Many industries are facing the possibility that computers could take the place of human workers at a faster rate than new jobs are created, experts have warned.
A panel of experts speaking on BBC Radio 4's Today programme on Wednesday morning claimed that the issues arising from improved artificial intelligence need should be discussed in greater detail in order to avoid potential socio-economic disasters.
"We have some studies looking at to which jobs are the most vulnerable and there are quite a lot of them in logistics, administration, insurance underwriting," said Dr Stuart Armstrong from the Future of Humanity Institute at the University of Oxford.
"Ultimately, huge swathe of jobs are potentially vulnerable to improved artificial intelligence."
A study last year that Dr Armstrong was involved with looked into the susceptibility of jobs to computerisation.
According to estimates, 47 per cent of total US employment is at risk of computerisation within the next couple of decades. The occupations most at risk are those with "low wages and educational attainment".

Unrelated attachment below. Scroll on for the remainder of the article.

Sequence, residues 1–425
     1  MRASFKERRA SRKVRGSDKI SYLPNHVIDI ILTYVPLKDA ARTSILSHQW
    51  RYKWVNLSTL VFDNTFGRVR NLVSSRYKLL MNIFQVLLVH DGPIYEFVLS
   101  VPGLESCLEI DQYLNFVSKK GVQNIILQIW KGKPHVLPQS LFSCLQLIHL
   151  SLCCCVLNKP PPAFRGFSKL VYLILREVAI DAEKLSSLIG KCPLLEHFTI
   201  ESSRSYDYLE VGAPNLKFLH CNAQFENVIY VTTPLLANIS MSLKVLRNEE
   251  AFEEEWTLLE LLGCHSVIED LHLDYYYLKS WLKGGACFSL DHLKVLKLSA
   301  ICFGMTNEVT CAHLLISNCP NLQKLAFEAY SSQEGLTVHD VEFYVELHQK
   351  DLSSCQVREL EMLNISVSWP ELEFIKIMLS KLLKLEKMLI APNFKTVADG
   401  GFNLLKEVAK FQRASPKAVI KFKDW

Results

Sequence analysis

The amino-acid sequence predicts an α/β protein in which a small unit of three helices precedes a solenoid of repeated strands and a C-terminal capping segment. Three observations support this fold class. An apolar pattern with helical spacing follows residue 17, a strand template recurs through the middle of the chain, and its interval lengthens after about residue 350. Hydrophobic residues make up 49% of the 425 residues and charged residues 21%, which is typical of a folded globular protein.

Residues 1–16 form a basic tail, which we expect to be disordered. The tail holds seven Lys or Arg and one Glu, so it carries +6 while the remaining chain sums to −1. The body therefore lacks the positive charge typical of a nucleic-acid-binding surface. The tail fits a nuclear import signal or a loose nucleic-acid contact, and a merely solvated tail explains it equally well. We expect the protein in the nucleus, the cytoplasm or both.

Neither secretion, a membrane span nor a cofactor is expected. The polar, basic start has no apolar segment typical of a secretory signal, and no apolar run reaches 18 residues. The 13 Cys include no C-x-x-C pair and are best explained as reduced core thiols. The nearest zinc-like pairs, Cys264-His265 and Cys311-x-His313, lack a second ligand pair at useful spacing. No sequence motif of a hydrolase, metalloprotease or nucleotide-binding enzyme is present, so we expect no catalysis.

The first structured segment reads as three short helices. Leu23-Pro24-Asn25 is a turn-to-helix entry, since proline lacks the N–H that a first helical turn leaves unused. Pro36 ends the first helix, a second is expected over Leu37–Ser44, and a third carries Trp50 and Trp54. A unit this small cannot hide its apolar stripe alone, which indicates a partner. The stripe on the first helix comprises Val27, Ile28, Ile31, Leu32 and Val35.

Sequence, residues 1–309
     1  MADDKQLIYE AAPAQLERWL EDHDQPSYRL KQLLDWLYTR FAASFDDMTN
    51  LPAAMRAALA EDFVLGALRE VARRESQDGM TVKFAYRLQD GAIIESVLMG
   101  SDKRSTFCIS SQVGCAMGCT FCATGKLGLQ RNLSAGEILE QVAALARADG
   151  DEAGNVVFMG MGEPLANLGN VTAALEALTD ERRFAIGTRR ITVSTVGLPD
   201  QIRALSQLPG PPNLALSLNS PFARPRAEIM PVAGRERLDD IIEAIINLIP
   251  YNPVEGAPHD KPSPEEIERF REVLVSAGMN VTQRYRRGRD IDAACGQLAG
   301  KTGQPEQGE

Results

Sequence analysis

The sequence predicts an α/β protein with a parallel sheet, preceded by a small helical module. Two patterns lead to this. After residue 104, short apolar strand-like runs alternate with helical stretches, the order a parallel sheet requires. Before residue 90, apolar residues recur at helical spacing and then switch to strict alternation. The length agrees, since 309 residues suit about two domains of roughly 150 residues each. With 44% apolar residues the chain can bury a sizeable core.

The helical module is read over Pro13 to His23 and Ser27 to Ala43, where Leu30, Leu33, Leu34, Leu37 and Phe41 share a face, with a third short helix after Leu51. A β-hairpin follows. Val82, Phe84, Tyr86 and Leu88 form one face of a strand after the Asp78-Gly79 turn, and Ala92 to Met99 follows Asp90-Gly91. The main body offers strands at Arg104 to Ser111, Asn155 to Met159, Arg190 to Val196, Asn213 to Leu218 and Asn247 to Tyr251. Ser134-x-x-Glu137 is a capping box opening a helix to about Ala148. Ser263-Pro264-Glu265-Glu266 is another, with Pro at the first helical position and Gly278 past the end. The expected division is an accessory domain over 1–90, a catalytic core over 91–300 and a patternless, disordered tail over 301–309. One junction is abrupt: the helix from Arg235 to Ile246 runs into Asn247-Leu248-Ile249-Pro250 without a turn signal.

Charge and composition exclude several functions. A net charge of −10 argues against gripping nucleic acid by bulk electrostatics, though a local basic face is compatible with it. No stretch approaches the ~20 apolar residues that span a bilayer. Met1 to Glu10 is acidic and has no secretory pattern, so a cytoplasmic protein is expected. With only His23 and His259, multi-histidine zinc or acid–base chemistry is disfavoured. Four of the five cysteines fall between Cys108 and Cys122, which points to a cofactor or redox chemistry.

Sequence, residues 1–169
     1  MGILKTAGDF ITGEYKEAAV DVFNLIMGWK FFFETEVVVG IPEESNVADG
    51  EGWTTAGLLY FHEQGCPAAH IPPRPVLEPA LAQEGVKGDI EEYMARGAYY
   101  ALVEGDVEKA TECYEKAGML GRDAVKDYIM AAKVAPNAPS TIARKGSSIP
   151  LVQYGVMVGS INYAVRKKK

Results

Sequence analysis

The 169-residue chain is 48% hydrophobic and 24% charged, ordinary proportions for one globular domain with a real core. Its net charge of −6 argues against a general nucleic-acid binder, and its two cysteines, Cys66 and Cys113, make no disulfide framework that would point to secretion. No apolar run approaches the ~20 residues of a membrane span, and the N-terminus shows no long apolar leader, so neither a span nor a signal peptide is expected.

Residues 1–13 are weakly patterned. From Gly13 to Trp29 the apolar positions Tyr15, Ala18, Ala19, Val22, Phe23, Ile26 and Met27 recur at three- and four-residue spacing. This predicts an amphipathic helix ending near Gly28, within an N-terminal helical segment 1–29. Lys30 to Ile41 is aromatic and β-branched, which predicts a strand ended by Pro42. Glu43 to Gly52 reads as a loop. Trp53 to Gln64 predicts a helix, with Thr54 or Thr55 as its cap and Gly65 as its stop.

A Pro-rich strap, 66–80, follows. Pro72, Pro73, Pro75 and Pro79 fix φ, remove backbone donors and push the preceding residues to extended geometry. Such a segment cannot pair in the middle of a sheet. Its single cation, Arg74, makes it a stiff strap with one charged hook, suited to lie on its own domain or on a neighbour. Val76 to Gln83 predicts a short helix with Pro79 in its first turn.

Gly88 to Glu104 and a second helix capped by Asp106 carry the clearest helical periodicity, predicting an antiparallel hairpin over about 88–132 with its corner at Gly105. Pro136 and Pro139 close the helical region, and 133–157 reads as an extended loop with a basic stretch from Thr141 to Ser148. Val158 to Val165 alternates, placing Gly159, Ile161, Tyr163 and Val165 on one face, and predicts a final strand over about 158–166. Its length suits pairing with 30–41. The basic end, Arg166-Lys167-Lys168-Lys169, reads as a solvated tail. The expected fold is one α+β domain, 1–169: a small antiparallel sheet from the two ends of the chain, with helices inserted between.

Countering Dr Armstrong's claims on the Today programme, professor of cognitive robotics at Imperial College London Dr Murray Shanahan said that past examples suggest that new jobs would be created by new technologies.
"In the past when we have developed new kinds of technologies then often they have created jobs at the same time as taking them over," Dr Shanahan said.
However, he did concede that such developments are "very difficult to predict", and that "it certainly is something we ought to be discussing".